The streets in Auckland's commercial hub these days are a slalom course. Construction barriers close off one side of them at several points, and road cones channel traffic past them in makeshift single lanes. Down Albert St, past our old abandoned building, the Downtown centre is being demolished and the street lighting is dim. The reason, the construction barriers proudly proclaim, is that work has started on the City Rail Link.
Preparatory work, I think, moving service lines out of the way of the tunnel that will cut and cover its way from Britomart to lower Albert St and up to Wyndham St before going fully underground for the rest of its route.
Meanwhile, the heart of Auckland looks like a body in the first phase of drastic surgery. It lies stunned, wan, with opened wounds and heavy bandaging. The barriers at the most blocked points proclaim the vicinity is still open for business, but I wonder how the lunch bars and other shops are faring.
I wonder how bigger cities dealt with the shock of subway construction. I wonder if the champions of this historic project - mayors, councillors, city planners and engineers, past and present - gave much thought to how the eggs would break when they make the omelette.
Will the heartbeat come back into the Queen St canyon? There was already a drift around the corner into Freemans Bay. Take a walk around Victoria Park, the reclaimed bay, these days and you'll notice Fanshawe St seems to be becoming the corporate headquarters of the country. Air New Zealand is there. So is Fonterra. Vodafone is along the street, with another glassy medium-rise under construction in between. Behind them, more cranes are building the new waterfront residential and commercial precinct called the Wynyard Quarter.
Cities are amoebic. Already, you have to wonder whether this rail route is the right one.
I'd be a lot more confident if the national Treasury and the NZ Transport Agency were wholeheartedly backing the operation but it is proceeding with not much more than a dubious nod from John Key and no solid financing for the full scheme. The only reason it is proceeding is that Len Brown was so very effective in his first mayoral term.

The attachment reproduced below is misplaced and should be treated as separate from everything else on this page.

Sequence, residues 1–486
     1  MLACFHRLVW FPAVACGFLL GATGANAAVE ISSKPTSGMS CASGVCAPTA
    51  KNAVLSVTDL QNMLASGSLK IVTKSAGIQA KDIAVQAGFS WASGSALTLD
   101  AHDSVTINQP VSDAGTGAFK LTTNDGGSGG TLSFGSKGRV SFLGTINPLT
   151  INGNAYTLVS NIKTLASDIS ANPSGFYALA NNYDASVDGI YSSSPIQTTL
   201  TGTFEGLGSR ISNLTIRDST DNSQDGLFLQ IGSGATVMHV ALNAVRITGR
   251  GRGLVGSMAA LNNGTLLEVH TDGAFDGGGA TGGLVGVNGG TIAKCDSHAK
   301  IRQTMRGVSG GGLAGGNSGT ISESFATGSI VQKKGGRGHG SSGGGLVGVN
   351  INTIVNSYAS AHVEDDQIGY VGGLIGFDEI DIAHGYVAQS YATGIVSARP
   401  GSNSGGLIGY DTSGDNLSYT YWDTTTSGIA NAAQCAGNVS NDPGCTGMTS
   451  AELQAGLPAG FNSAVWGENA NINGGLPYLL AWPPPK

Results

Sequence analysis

The heart of Auckland looks like a body in the first phase of drastic surgery. It lies stunned, wan, with opened wounds and heavy bandaging.
As one who has never had any faith in Auckland's railways I am better placed than most to attest to his achievement. The underground link wasn't his idea by any means. It had been an essential element of every Auckland public transport plan of the previous 50 years and, contrary to the Super City creation myth, there was not much disagreement about it among the "fractious and divided" previous councils.
But the myth gave a new impetus to the project and the amalgamated region's first mayor rode it brilliantly.
Previously, underground rail was something I felt sure Auckland would never see. After Brown had banged the drum for three years the project had acquired an air of inevitability even for me, and the Government was getting on the wrong side of the future. Key's decision to exit that position, as currency traders say, was purely political. The economic advice was still against it.
And still is. In documents attached to this year's Budget, the Treasury makes references to poor quality investment in Auckland and you know what they mean. The best that can be said for the City Rail Link is, build it and they will come. The trouble with "build it and they will come" from an economist's viewpoint is that it is often true.
Entire economies can be distorted by big investments that may not be the most efficient use of the nation's resources but pull activity into and around themselves. The scale of the project becomes self-justifying and the distortion does not matter until someone asks why the economy's return on overall investment is low and it is struggling to keep pace with living standards in the modern world.
As nominations for the local elections closed yesterday and the retiring mayor looked out of his top floor window in the new council building at the corner of Albert and Wellesley, he had a right to feel a surge of pride at the trenches he can probably see better than me on the street.
It wasn't his role to worry about the national economy, and as for the city's transitional wounds? Relentlessly upbeat as he was, he will not suffer the slightest doubt the CBD will recover from its surgery and spring back to life, invigorated by the numbers of people surfacing from the trains beneath it.
He can entertain the hope that the agony and ignominy of his second term will fade in public memory and his name will forever be on the railway. We should give him that.